High Valley Community CollegeAlright. First off, do I qualify? Let's see:
Division Dean of X
$100,369-$115,328 (earned doctorate degree)
Advocate and promote quality instruction and student success; develop and maintain a campus climate based on trust, collaboration and respect; and encourage and facilitate change. Under the general supervision of the Assistant Superintendent/Vice President for Instructional Services, the Division Dean, X will provide leadership for the division and will be responsible for the management and supervision of programs and staff.
Deadline date: Friday, August 11, 2006
- knowledge of state laws, rules, and regulations pertaining to community colleges (uh... nope)
- collective bargaining contracts (I'm like, what, a union specialist here?... nope)
- budget management (Sure, I can handle a budget, but the budgets I've managed are small... but hey, I've been treasurer of a small professional society for 8 years now. That should count)
- grant proposals and fundraising (uh... check! I've gotten myself quite a few grants. I've got over five years fundraising experience, 3 for a university foundation, and another year or so for a non-profit relevant to the division's focus)
- experience with the diverse needs of non-traditional students (um... yeah. Look I've been a non-traditional student much of my life. My bachelor's degree -here's a tidbit for you- is a B.G.S., that's Bachelor of General Studies, albeit with High Honors, from the College of Continuing Studies at a major state research university. I've attended, all told, for varying lengths, count 'em, SEVEN post-secondary schools, community colleges, research one universities, and private liberal arts schools. I've taught at a community college for non-majors, and lectured for graduate students and faculty in R1 programs. I'm good)
- individualizing the instructional program (ha! You mean for me, or for others? I think I could do this. Check)
- manage relationships with private and public employers and community-based organizations (I think so. I've served on the board at a community theater, a big brothers/big sisters league)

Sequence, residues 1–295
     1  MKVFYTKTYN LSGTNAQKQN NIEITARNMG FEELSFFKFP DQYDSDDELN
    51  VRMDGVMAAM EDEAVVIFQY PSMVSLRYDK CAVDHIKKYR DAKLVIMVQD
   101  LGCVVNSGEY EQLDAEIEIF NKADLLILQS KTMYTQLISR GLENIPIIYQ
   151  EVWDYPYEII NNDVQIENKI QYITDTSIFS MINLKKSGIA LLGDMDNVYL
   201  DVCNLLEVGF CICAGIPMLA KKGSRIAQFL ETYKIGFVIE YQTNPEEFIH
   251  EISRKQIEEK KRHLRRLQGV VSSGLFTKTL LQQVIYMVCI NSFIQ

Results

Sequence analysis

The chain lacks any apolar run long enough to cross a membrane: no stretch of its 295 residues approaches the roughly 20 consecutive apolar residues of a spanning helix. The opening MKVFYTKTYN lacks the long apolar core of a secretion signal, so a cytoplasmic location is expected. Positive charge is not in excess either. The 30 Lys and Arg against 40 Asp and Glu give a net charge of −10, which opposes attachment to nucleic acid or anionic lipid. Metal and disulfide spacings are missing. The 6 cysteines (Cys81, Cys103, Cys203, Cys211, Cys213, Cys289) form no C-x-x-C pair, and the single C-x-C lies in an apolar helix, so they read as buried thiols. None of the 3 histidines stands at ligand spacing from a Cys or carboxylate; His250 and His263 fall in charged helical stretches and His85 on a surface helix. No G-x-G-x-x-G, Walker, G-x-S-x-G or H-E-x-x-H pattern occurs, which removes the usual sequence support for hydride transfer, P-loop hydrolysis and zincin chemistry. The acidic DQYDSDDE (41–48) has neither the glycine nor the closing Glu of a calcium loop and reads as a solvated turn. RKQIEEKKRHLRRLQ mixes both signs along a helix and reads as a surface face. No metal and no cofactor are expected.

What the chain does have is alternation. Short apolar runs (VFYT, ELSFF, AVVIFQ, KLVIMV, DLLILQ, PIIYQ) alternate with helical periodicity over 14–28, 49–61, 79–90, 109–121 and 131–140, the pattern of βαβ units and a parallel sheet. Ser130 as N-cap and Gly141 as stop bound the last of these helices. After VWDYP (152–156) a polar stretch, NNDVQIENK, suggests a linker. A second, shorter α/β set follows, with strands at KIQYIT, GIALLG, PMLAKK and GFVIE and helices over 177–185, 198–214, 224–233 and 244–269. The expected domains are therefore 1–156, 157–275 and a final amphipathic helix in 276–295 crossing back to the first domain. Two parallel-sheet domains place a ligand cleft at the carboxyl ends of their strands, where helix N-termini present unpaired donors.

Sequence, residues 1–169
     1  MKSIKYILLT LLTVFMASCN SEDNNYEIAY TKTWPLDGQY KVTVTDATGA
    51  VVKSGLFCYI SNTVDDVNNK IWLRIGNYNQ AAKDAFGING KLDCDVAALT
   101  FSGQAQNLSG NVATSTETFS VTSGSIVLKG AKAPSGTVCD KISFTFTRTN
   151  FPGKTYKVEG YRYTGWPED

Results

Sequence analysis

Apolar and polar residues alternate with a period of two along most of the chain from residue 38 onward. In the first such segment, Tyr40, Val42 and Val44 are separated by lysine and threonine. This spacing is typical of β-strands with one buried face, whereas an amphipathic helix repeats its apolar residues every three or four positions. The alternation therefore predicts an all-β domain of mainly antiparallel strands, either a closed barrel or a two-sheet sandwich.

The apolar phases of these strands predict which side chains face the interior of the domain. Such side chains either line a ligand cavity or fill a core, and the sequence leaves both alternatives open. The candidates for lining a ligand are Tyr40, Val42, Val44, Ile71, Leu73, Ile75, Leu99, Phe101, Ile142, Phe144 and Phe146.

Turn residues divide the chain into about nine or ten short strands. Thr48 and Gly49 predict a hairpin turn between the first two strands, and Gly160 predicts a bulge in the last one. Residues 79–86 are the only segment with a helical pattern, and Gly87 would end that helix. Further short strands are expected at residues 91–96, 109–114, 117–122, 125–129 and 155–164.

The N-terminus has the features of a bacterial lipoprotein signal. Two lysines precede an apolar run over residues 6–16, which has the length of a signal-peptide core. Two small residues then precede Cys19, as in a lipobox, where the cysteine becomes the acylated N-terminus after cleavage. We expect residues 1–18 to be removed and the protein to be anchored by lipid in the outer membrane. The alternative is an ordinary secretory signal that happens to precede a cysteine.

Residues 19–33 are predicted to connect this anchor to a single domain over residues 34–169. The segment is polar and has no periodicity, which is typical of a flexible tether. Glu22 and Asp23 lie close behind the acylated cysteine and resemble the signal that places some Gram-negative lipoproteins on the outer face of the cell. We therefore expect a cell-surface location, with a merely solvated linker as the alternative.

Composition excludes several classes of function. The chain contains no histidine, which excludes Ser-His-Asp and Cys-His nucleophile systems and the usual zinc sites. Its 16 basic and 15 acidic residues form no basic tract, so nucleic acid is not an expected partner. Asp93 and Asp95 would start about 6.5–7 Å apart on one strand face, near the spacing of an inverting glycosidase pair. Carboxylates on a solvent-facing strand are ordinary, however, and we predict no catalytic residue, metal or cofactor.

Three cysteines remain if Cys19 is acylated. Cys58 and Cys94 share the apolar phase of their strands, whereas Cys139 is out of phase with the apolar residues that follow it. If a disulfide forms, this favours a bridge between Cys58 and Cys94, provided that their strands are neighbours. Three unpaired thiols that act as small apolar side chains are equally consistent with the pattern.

- professional organizations (yeah, done that. I think I could handle it)
- Posess a Master's Degree or higher (uh... yeah. Got that.)
- Significant experience or educational achievement in one of the disciplines (uh, yeah, I think so)
- Three years or more faculty experience at the secondary or college level. (Probably. I taught six terms, including summers, at the community college, before my PhD. I was the principal instructor for a graduate course at my doctoral institution. I taught privately, but at the college level, for another three years. I've guest lectured for 7 classes over the past five years, all at the university level. Additionally, I've given 6 invited lectures at universities during the same period)
That said, we're on a five year plan. What happens over the next few years is in service to that 5-10 year goal, period! This opportunity is about 80 miles from a place where the Rocket Scientist could likely get work in her area of expertise. It's also about 50 miles from another location, which though she hasn't heard any recruitment mumblings from there, we do have a friend who works there, someone she worked with in the late 90s.
Those are all on the upside. Also, just look at that salary range. We're talking a good twice what I could be making as a junior asst. prof. somewhere, if I could even land such a post. I like being a leader. I think I listen well, I handle challenges reasonably well, I'm able to grasp various viewpoints, and the needs of disparate constituencies. I'd make a good dean. I always thought it was something I'd move into after gaining years of experience, but why not start at the top and work down?
Downs: well, do I really want all the stress of management? Would the distractions keep me from getting any research done? Would I get stuck, and eventually forget the 5-10 year goals?
I don't know. It's still a lot of work to hone that CV for an administrative post. But, maybe I should do it. What a life. One day, I apply for adjunct positions, with no benefits, no job security, and pay somewhere south of janitorial staff, the next I'm thinking of applying for this.